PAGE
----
Possessing a unique and amazing flavor that’s coupled with impressive health benefits, we should all take some time this summer for a rhubarb rendezvous.
Whenever I think of rhubarb I recall an adventure I had with my sister, Nancy – my cohort (and leader) in childhood escapades.
Our “rhubarb rendezvous” came a year after my mother had planted some in the yard – and issued the instruction, “Stay away from it!” Needless to say, there came a summer day when we found ourselves staring at its ruby-red stalks, wondering how it tasted so, Nancy dared me to taste it. I, being younger and trusting, did.
Starting Off On The Wrong Foot
“Yuck!” I immediately shrilled, spitting it off my tongue. “This is awful! Who would eat this?”
Surprised by my reaction, Nancy paused for a moment then said, “Well, maybe that piece wasn’t ripe enough. Here, try another.” Trusting her, I took another bite and sure enough, “Yuck!” I shrieked, spitting it out as far as I could. “It’s just as awful!” I whined. You try it,” I said, pushing both stalks into her hands.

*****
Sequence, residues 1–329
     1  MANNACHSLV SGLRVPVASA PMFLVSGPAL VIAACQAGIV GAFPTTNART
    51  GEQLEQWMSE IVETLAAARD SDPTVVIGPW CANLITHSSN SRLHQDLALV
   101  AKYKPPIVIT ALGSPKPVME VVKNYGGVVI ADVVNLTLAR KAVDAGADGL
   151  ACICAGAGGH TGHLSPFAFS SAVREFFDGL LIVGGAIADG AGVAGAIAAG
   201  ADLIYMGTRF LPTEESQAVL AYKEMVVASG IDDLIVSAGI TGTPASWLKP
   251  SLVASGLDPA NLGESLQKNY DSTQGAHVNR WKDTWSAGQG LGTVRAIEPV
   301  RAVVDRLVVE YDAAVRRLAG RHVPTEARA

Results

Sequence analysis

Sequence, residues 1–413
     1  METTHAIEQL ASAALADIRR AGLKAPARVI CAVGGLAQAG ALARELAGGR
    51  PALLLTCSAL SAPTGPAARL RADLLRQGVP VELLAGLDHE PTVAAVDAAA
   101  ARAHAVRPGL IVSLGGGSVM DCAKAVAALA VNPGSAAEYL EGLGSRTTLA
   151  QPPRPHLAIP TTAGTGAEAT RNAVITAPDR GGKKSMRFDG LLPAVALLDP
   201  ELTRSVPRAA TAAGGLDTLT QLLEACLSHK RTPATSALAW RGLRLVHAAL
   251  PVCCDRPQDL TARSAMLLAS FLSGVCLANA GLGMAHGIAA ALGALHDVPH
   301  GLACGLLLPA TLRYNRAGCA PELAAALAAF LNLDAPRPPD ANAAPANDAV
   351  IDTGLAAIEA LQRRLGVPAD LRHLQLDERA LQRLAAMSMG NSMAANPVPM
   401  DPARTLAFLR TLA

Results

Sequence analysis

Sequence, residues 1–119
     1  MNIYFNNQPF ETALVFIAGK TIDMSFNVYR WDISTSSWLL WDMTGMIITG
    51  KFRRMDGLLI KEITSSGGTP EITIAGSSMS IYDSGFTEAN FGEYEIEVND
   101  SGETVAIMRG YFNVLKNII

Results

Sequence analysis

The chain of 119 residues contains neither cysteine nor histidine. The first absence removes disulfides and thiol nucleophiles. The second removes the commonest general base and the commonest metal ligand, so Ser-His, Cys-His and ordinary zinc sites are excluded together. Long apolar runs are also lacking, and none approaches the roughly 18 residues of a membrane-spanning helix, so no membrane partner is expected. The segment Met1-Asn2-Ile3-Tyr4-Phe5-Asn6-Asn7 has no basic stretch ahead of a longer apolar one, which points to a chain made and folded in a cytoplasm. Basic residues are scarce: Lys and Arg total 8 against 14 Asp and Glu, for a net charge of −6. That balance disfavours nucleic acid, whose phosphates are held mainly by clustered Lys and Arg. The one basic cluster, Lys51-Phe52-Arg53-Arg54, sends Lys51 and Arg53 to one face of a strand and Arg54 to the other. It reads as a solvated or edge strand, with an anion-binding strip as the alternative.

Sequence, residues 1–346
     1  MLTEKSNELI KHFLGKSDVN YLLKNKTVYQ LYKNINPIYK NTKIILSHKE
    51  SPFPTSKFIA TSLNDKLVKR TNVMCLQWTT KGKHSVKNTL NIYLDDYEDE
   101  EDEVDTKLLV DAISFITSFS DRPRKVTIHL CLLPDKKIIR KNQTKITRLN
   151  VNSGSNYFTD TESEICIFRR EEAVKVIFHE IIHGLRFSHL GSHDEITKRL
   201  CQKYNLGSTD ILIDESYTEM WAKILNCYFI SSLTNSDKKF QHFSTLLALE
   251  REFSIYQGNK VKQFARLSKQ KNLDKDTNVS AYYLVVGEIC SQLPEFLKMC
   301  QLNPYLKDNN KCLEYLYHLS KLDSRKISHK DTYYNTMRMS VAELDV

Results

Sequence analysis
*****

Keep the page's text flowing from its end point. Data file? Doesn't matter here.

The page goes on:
Ever so cautiously, Nancy took the smallest bite humanly possible from the reddest of the two stalks and, in less than a split second, spit it right back out, shouting, “Ugh! This is nasty!” With both of us busily engaged in spitting the bitter taste from our mouths, we failed notice our mother approaching. “What are you two girls doing?” she shouted. “I told you to leave that rhubarb alone!” Looking downward in guilt, we both said, “Sorry, Mom. We promise to never touch it again,” and we really meant it, too!
Giving Rhubarb A Second Chance
With such a negative introduction, it might be a surprise that rhubarb ever crossed my lips again but, it did – much later in life – once I discovered that it possesses so many health benefits! Offering antioxidants like lycopene and anthocyanins, which help fight off disease, rhubarb also offers fiber, which benefits digestive health, helps lower cholesterol and boosts heart health.
Rhubarb also offers a good source of vitamin K, which helps our blood clot, protects our bones and helps fight off liver and prostate cancers. It’s also a good source of the anti-aging vitamin – C, as well as calcium, potassium and mighty magnesium, which is needed for a whopping 300 different enzyme systems that help keep our bodies running regularly.
What I found most interesting is that yes, rhubarb can also be quite flavorful, too!
Here now are some richly rewarding ways to have your own rhubarb rendezvous: